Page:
Giving to the University

January 2011 Edition

Benefactions to the University of Oxford and its Colleges

This memorandum is for the guidance of intending benefactors and is not meant to fetter their discretion in any way.

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  1. The University is a corporate body, with the title of ‘The Chancellor Masters and Scholars of the University of Oxford’. It was given its corporate status under an Act of Parliament in 1571. It is an exempt charity (and therefore has no charity registration number): it is recognised as a charity by HMRC.
  2. Each of the Colleges is a separate corporate body, which is registered as a charity. Its corporate title and registered number can be found on the Charity Commission’s website.
  3. The University and each of the Colleges is itself entitled to take and hold gifts of real and personal property, whether made by will or otherwise. A gift direct to the University or a College should specify the full corporate title of the recipient, and should not reference trustees.
  1. However, the University has established a trust for the receipt and allocation of gifts to the collegiate University. This is the University of Oxford Development Trust Fund (“OUDT”). Like the University itself, it is an exempt charity, and therefore has no charity registration number. It is recognised as a charity by HMRC, under number XN80595.
  2. The objects of OUDT are “to procure, assist and secure the advancement of education, learning, teaching, scholarship and research at or in connection with the University and its Colleges and other Societies in so far as the same are charitable.”

Please note that these are educational objects. Some Colleges also have religious or heritage objects which are not merely ancillary to their educational purposes. Should you wish to give to a College expressly for religious or heritage purposes, please do so direct to the College; and not to OUDT.

  1. The Trustee of OUDT is the University. The University (acting by its Council) has delegated the administration of OUDT to a Board of Management which consists of the following persons (or their respective nominees): the Pro-Vice-Chancellor (Planning and Resources), the Director of Finance, the Director of Legal Services and General Counsel, the Secretaries to each of the Divisions, and a representative of the Conference of Colleges. Enquiries about the role of OUDT and its procedures should be addressed to the Trusts Administrator (
  2. Within OUDT there are a series of broad purpose Funds, the current ones being:
    • the Vice-Chancellor’s (general) Fund;
    • the Oxford Teaching Fund;
    • the Oxford Undergraduate Scholarship Fund;
    • the Oxford Graduate Scholarship Fund;
    • the Widening Access and Participation Fund;
    • the Sports Fund;
    • a Fund for each Academic Division and for the Department for Continuing Education;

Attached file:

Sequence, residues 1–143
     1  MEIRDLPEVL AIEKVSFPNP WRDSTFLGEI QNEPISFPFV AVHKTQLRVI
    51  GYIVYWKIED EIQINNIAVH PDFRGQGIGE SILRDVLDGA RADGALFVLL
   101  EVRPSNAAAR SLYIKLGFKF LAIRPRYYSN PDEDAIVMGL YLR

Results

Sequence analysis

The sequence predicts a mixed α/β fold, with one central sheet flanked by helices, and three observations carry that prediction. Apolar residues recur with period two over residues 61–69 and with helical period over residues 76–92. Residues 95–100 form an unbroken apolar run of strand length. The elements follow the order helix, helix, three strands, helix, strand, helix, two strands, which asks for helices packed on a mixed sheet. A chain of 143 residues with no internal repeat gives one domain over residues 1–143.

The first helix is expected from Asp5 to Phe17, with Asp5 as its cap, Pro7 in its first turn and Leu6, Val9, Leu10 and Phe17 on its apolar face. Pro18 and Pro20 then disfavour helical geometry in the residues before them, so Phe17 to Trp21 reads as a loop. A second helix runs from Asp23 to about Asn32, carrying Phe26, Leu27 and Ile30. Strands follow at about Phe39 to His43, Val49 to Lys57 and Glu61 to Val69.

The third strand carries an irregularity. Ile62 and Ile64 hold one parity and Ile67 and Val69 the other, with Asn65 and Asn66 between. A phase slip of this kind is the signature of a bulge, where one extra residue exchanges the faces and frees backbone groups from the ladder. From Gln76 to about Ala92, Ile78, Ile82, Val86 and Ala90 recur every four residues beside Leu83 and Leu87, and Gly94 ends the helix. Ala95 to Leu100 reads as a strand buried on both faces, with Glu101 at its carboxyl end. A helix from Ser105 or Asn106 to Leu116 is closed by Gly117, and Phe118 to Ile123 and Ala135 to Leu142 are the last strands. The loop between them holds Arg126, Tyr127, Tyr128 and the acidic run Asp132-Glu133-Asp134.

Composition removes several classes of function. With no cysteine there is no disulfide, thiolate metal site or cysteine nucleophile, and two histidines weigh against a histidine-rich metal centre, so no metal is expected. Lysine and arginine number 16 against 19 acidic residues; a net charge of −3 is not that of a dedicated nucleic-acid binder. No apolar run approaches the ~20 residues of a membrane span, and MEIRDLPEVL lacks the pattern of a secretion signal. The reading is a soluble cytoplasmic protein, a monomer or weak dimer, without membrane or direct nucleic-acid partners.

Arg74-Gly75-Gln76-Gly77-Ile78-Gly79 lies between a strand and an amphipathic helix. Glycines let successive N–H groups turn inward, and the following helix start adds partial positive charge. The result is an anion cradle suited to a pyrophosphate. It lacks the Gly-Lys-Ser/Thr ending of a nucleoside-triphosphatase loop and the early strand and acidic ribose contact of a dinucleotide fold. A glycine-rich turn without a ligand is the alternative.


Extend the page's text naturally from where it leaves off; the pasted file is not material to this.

• the Bodleian Fund;
    • the Ashmolean Fund;
    • a Fund for the other University Collections; and
    • a Fund for each College and Society.

Each of the above Funds (apart from the Vice-Chancellor’s Fund) is described in a separate Prospectus which is available from the Development Office.

  1. The Vice-Chancellor’s Fund is unrestricted and can be applied for the general purposes of the Collegiate University. We would encourage you to give your gift on an unrestricted basis, so that it can be used by the University in the areas of greatest need.
  2. However, if you would like to restrict your gift, we would invite you to specify one or other of the above Funds, as for example:

“I give to Oxford University Development Trust Fund the sum of <                        > pounds (£<             >) for the Oxford Undergraduate Scholarship Fund; and I direct that the receipt of the Trusts Administrator or other proper officer of the Trust shall be a sufficient discharge to the executors for this gift.”

If you do not specify any other Fund, your gift will be allocated to the Vice-Chancellor’s Fund.

  1. Each Fund will be able to hold three types of donation:
    • permanent endowment – which must be retained for a specific use and invested to produce an income;
    • expendable endowment – which can either be retained (and invested to produce an income) or spent, according to the discretion of the University acting through the Trusts Board of Management;
    • income – which must be spent within a reasonable period of time.

Unless a donor specifies either of the other types, all donations to the Oxford Graduate Scholarship Fund will be treated as permanent endowment; and all other donations will be treated as expendable endowment.

  1. If you would like to be more specific about the application of your money within a particular Fund, we would ask you to add the following:

“I express the wish, without creating any trust or imposing any other legally-binding obligation, that … [e.g. preference be given to undergraduates reading Archaeology and Anthropology]”